The American flag at my house has been at half-staff since August 4 pursuant to a declaration by the President, honoring the victims of the tragedies in El Paso, Texas, and Dayton, Ohio.  Today at sunset, according to that declaration our flag will return to its rightful place at the top of its staff.  Since I was a small boy, my father, a soldier, taught me flag etiquette. 

This week I’ve watched along with so many others the unfolding events in the aftermath of these national tragedies.  Walls of honor consisting of flowers and remembrances of those killed have been erected. People from all walks of life, from all races, from all cultures, have come together to mourn and denounce these mass murders fueled by extreme misguided hatred. 

dayton_police_shooter_ohio_video_gun

Police can be seen rushing into the crowded downtown area to take out the active shooter. (Screenshot – Dayton Police)

 

However, even before we have begun to heal, while even our flag bows to honor those killed before we have buried our dead, the togetherness seems to be disintegrating. It is deteriorating as we look to place blame for these tragedies, someone is responsible.  Even more than the murderer who pressed the trigger all of those times to kill so many people, there are groups vicariously culpable. We charge them with being responsible for these murders because of their actions, policies, or rhetoric.  The murderer seems to almost lose significance as we look to attach blame to this unimaginable tragedy.  The root cause is not the murderer anymore, he was only the means motivated to deliver the fatal blow.

Officials: Ohio mass shooter Connor Betts slaughtered own sister during rampage

Dayton, Ohio shooter Connor Betts. (Courtesy: Facebook/Adobe Stock)

 

The five stages of grief have been talked about this week as we try to find some tangible way to explain and cope with the intangible.  Individually we try to understand how this could have happened, our anger that it did, and in the days and months ahead we will find ways to cope with our losses and hope for some level of healing.  There is no right or wrong, there is no rational reasoning, it just is.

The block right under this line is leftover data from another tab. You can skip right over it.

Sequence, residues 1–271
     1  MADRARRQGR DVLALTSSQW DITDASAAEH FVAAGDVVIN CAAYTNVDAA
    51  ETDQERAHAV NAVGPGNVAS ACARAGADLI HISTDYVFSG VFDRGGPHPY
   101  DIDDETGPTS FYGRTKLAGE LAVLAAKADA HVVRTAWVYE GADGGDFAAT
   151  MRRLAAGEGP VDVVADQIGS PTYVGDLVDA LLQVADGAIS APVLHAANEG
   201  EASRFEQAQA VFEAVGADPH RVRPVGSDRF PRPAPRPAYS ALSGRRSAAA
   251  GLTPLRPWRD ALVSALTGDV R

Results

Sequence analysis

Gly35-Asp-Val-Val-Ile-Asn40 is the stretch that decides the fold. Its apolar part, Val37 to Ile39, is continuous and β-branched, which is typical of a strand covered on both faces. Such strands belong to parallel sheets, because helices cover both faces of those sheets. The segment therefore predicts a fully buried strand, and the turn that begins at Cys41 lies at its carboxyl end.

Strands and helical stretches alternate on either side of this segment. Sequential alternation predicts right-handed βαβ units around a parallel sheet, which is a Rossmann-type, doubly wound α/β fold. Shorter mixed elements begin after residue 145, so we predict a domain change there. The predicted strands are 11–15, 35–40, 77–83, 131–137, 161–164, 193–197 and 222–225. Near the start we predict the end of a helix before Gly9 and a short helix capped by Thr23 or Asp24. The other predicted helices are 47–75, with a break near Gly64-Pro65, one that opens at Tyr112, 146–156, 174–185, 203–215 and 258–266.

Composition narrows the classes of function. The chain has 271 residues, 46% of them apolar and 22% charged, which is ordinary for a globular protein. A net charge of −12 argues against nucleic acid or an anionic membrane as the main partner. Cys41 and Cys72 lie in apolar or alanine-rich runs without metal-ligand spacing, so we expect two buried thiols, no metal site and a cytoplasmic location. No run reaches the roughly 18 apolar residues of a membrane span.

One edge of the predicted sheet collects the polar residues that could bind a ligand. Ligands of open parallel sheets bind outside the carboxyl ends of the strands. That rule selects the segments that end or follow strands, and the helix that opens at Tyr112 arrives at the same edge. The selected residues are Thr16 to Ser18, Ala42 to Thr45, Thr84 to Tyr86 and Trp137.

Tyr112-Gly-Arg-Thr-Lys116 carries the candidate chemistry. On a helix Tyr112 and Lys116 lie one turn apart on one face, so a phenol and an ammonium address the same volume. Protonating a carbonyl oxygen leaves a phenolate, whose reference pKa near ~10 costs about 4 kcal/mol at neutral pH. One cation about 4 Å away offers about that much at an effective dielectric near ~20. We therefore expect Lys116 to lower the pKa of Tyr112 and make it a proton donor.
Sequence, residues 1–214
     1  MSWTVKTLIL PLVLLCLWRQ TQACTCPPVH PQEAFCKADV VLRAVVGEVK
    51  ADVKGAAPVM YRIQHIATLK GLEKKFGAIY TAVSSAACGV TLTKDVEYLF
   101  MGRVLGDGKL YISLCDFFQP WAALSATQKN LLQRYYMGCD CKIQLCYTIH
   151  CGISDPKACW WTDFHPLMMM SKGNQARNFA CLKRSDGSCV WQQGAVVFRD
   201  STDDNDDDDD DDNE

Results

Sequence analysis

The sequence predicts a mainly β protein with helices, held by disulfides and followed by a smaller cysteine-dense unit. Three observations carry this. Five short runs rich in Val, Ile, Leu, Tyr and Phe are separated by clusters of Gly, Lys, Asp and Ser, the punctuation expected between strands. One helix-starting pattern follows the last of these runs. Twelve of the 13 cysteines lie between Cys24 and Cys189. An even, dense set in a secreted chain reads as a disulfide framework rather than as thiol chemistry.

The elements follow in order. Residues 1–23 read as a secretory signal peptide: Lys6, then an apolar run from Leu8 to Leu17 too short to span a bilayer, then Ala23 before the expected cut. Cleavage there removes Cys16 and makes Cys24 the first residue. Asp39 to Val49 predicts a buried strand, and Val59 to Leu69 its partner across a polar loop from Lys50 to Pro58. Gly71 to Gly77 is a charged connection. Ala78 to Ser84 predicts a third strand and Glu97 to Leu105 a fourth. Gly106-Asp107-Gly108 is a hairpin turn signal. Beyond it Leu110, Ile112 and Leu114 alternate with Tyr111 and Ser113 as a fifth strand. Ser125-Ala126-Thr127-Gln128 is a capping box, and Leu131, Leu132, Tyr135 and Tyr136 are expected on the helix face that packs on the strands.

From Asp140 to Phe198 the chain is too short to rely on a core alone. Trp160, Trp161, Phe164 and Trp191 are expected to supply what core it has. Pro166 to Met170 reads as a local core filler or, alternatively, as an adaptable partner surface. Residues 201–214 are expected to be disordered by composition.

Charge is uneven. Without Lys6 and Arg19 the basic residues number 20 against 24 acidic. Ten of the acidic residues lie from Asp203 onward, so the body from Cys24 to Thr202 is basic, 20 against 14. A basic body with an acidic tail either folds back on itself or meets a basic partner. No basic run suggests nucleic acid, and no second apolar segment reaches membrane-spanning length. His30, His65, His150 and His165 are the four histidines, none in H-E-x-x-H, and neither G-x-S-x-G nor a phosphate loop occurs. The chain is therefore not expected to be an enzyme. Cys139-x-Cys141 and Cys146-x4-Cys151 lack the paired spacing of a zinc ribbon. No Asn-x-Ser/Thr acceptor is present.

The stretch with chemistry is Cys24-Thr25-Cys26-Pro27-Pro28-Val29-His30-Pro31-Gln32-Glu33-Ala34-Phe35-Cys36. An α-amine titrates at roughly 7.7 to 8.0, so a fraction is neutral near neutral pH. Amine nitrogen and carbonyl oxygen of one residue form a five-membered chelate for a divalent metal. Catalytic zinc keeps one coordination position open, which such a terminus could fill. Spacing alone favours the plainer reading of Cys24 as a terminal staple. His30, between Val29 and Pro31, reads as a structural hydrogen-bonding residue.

Yesterday the President of the United States traveled to the cities of El Paso and Dayton as our most senior government representative to express condolences on behalf of our nation. Our flag was bowed, no more significant statement of honor can possibly be presented from the United States of America. The President was the bearer of that bowed flag in those two cities.

 

Occasionally I tuned into either CNN or FOX News as the day progressed and watched some of the interviews with elected officials in those areas who for the most part put political differences aside.  Politics aside, they joined the president with families who lost loved ones and recognized our first responders and medical heroes.  For a few minutes, we came together as a country in those community centers, police stations, and hospitals.  At least in those environments, if only briefly, the deep-rooted differences and yes even hatred was put aside as we came together as people.

One other thing caught my attention though and prompted me to write this article.  In El Paso, and maybe in Dayton police officers wearing crowd control equipment were standing in formations, preparing for the unimaginable, especially on this sad day.  We called that riot gear in the old days; sticks, helmets, shields, and gas. 

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Those police officers, some in uniform, different uniforms, and even civilian clothes were preparing to stand on the blue line if they were called to do so.  Wait a minute, don’t these officers represent the same ones who responded to arrest the murderer in El Paso?  Don’t these officers represent those in Dayton who responded in 30 seconds to neutralize the threat?  Don’t these officers represent every police officer in this country who is prepared to go into harm’s way to act similarly and protect people she’s never met.  How is it then these officers are now standing on this line and preparing to use whatever level of force may be necessary to quell a disturbance?  

I found these images troubling as I prayed a silent prayer that these officers would not be called upon to perform these duties.  I’m absolutely sure there were a few silent prayers from officers on that line, asking for that same dispensation.  The police officer above all other people prays for peace in our cities. 

Gun violence is rampant, and it is not only mass shootings.  People are dying in our streets from gun violence across this country, and most people have had quite enough of it.  The police officer is the leader of that voice because it is the police officer who must go into harm’s way when these shootings occur.   It is my sincere hope that rational actionable conversations can happen to stem this violence.

For today, at sunset, I will return the United States Flag of America to its rightful position at the top of the staff.  I will render a solemn salute and pray for peace in our country. 

 

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